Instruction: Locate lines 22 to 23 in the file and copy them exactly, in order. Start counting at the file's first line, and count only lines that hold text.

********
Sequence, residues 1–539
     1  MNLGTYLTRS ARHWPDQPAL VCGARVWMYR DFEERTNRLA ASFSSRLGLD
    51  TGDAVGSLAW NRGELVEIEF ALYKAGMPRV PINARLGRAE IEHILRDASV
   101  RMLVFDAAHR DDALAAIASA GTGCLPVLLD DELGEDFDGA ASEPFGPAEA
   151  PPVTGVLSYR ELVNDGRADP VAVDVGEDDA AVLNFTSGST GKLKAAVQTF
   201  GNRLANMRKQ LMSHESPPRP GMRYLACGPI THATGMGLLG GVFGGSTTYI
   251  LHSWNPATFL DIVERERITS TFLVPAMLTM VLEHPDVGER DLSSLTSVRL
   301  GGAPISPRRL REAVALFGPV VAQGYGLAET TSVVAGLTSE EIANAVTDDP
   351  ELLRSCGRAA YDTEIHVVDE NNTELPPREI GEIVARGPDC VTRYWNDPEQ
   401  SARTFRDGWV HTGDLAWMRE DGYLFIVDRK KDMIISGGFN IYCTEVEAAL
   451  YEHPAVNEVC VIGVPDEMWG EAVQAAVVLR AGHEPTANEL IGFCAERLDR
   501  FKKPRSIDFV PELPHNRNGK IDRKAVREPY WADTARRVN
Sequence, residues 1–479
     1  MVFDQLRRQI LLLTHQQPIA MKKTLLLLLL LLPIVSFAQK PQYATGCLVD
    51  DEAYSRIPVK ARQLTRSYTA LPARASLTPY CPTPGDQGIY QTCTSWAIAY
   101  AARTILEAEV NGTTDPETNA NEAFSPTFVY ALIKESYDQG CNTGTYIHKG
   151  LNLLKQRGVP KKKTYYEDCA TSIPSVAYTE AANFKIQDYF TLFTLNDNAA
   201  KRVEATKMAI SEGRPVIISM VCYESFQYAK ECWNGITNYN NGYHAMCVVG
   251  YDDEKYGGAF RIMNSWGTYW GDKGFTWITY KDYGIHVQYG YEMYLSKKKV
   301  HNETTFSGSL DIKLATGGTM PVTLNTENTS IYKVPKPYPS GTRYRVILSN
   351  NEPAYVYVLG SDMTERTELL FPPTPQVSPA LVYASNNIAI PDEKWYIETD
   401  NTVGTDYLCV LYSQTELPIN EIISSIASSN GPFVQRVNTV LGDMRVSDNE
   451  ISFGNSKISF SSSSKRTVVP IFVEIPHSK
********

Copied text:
   401  NTVGTDYLCV LYSQTELPIN EIISSIASSN GPFVQRVNTV LGDMRVSDNE
   451  ISFGNSKISF SSSSKRTVVP IFVEIPHSK